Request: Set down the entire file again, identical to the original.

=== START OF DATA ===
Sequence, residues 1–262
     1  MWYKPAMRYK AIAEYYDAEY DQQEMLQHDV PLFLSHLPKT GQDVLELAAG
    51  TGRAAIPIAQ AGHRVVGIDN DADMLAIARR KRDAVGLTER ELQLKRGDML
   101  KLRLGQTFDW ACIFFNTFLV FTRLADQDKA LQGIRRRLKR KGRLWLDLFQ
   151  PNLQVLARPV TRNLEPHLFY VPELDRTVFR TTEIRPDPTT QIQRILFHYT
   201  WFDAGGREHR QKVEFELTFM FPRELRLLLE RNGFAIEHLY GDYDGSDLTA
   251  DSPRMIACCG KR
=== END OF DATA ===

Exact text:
Sequence, residues 1–262
     1  MWYKPAMRYK AIAEYYDAEY DQQEMLQHDV PLFLSHLPKT GQDVLELAAG
    51  TGRAAIPIAQ AGHRVVGIDN DADMLAIARR KRDAVGLTER ELQLKRGDML
   101  KLRLGQTFDW ACIFFNTFLV FTRLADQDKA LQGIRRRLKR KGRLWLDLFQ
   151  PNLQVLARPV TRNLEPHLFY VPELDRTVFR TTEIRPDPTT QIQRILFHYT
   201  WFDAGGREHR QKVEFELTFM FPRELRLLLE RNGFAIEHLY GDYDGSDLTA
   251  DSPRMIACCG KR